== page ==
On Monday evening, I accidentally cut the pointer finger of my left hand while trying to slice myself some bread. The cut was not bad enough to go to the ER but I haven’t played keyboard since Monday in order to let it heal. I will decide today whether I will cancel piano trio rehearsal tomorrow or not. I’m planning to play a little piano after lunch and decide. I am expecting it to be healed enough to play Sunday’s streamed church service.
This morning I stumbled across Herbie Hancock’s 2014 Norton Lectures on YouTube.
Hancock was not only the first Jazz musician to give these lectures, he was also the first African American.
Some great Miles Davis quotes from the first lecture.
The history of Jazz in four words: Louie Armstrong Charlie Parker – Miles Davis
Leave out the butter notes – Miles Davis
I always like to listen to what I can leave out. – Miles Davis
As far I can tell, these lectures have not been published in written form, but are available on YouTube.
I finished reading Ignazio Silone’s Bread and Wine today.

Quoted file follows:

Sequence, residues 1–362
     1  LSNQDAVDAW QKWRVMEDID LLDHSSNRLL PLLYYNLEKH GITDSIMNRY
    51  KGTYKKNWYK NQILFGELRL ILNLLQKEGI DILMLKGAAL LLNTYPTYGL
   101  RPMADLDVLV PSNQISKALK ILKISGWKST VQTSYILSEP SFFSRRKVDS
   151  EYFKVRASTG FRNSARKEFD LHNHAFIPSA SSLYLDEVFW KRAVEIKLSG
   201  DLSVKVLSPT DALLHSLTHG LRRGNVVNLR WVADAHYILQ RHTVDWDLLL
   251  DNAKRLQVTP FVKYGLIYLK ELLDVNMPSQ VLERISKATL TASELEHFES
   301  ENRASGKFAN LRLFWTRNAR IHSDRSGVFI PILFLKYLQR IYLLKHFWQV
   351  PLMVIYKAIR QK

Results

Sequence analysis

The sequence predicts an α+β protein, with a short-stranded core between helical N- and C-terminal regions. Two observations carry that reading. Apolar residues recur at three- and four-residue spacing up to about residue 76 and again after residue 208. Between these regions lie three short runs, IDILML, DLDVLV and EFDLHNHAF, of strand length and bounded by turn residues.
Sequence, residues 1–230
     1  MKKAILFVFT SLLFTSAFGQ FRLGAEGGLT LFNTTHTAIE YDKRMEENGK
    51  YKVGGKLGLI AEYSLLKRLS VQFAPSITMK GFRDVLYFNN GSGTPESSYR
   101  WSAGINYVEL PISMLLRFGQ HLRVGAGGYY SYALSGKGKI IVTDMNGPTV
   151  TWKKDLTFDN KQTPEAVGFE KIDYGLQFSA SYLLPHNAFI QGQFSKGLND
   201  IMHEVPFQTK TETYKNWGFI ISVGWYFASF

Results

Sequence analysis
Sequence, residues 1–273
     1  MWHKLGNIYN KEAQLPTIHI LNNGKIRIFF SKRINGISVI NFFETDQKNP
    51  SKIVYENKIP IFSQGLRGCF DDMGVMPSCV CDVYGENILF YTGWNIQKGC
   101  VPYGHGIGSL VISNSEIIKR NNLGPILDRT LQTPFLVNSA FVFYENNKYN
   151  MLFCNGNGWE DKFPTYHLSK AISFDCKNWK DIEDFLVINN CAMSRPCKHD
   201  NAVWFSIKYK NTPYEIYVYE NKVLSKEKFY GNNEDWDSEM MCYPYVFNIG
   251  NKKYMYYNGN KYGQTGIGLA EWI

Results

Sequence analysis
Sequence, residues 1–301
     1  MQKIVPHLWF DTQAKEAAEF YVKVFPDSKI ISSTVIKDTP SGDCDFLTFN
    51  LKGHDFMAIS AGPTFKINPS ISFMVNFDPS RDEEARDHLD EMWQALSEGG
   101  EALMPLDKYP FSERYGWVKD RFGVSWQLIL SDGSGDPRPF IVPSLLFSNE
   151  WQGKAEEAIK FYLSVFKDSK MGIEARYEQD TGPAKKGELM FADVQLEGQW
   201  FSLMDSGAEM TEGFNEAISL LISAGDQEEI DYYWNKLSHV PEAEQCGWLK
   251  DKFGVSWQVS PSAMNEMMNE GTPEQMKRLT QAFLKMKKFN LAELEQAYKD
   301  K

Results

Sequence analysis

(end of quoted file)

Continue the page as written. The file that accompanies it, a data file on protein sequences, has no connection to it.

I read the revised version he did in 1963. I began reading it during the previous presidential administration as a sort of antidote. It’s a strong story simply told. It is anti-Stalinist and anti-Facist.
The main character, Pietro Spina is a revolutionary Communist hiding from the state (Mussolini) disguised as a parish priest in a rural part of Italy. Most of the novel takes place in this little village.
The symbolic aspects of the novel are done in broad strokes. Bread, wine symbolize the solidarity of all humans but also are used in connection with strong Christian overtones (one of the heroines name is Cristina, get it?)
Mickey Mouse makes an odd appearance when two of the characters spot him on a marquee and instantly stop to go in.
In his introduction, Silone describes watching a woman read his book while on a train ride. It was as a result of thinking about what she was reading that he decided to do a revision. I think it’s kind of cool to visualize him surreptitiously observing what page and what line she was one and doing some cringing.
I have been making headway with my Greek. Today I ordered copies of the Loeb edition of the Iliad in Greek and English. I am rereading the Iliad in English and it keeps popping up in my studies. It would be helpful to have this handy.
If I can’t play music, I can still read and listen to it.